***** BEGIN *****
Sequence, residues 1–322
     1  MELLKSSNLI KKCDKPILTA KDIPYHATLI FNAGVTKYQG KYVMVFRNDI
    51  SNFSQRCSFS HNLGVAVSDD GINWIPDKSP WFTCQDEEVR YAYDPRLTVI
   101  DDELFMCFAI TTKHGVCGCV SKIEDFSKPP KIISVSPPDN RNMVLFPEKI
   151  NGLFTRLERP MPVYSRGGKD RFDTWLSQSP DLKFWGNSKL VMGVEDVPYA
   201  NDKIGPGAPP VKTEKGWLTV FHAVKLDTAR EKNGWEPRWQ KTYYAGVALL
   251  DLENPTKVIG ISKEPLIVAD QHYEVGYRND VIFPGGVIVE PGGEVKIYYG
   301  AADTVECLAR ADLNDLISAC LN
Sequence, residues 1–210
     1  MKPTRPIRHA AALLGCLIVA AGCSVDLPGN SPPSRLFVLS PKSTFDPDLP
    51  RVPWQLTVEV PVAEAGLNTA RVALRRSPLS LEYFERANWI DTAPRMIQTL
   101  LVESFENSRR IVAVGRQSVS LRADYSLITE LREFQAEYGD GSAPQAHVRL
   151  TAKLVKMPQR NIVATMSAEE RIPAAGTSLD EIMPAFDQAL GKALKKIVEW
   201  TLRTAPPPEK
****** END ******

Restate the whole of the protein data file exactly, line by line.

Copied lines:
Sequence, residues 1–322
     1  MELLKSSNLI KKCDKPILTA KDIPYHATLI FNAGVTKYQG KYVMVFRNDI
    51  SNFSQRCSFS HNLGVAVSDD GINWIPDKSP WFTCQDEEVR YAYDPRLTVI
   101  DDELFMCFAI TTKHGVCGCV SKIEDFSKPP KIISVSPPDN RNMVLFPEKI
   151  NGLFTRLERP MPVYSRGGKD RFDTWLSQSP DLKFWGNSKL VMGVEDVPYA
   201  NDKIGPGAPP VKTEKGWLTV FHAVKLDTAR EKNGWEPRWQ KTYYAGVALL
   251  DLENPTKVIG ISKEPLIVAD QHYEVGYRND VIFPGGVIVE PGGEVKIYYG
   301  AADTVECLAR ADLNDLISAC LN
Sequence, residues 1–210
     1  MKPTRPIRHA AALLGCLIVA AGCSVDLPGN SPPSRLFVLS PKSTFDPDLP
    51  RVPWQLTVEV PVAEAGLNTA RVALRRSPLS LEYFERANWI DTAPRMIQTL
   101  LVESFENSRR IVAVGRQSVS LRADYSLITE LREFQAEYGD GSAPQAHVRL
   151  TAKLVKMPQR NIVATMSAEE RIPAAGTSLD EIMPAFDQAL GKALKKIVEW
   201  TLRTAPPPEK